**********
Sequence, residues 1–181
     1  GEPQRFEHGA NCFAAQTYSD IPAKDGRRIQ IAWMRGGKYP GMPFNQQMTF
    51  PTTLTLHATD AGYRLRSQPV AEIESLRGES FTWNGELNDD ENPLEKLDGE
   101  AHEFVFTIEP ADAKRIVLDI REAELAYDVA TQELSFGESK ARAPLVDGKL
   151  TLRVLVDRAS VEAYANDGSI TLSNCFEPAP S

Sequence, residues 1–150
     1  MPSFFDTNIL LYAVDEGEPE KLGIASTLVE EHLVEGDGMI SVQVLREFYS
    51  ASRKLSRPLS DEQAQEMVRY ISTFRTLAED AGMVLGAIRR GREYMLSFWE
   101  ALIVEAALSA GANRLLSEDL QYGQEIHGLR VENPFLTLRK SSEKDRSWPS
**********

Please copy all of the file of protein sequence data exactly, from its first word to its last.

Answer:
Sequence, residues 1–181
     1  GEPQRFEHGA NCFAAQTYSD IPAKDGRRIQ IAWMRGGKYP GMPFNQQMTF
    51  PTTLTLHATD AGYRLRSQPV AEIESLRGES FTWNGELNDD ENPLEKLDGE
   101  AHEFVFTIEP ADAKRIVLDI REAELAYDVA TQELSFGESK ARAPLVDGKL
   151  TLRVLVDRAS VEAYANDGSI TLSNCFEPAP S

Sequence, residues 1–150
     1  MPSFFDTNIL LYAVDEGEPE KLGIASTLVE EHLVEGDGMI SVQVLREFYS
    51  ASRKLSRPLS DEQAQEMVRY ISTFRTLAED AGMVLGAIRR GREYMLSFWE
   101  ALIVEAALSA GANRLLSEDL QYGQEIHGLR VENPFLTLRK SSEKDRSWPS